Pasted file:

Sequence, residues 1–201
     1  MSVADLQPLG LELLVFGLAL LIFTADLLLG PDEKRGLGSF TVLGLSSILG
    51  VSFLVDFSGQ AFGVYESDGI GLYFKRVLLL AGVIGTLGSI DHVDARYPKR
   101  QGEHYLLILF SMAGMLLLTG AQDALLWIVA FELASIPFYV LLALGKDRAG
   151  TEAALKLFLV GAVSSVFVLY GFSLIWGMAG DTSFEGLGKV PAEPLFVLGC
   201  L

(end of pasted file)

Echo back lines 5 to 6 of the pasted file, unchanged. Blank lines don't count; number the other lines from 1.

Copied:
   151  TEAALKLFLV GAVSSVFVLY GFSLIWGMAG DTSFEGLGKV PAEPLFVLGC
   201  L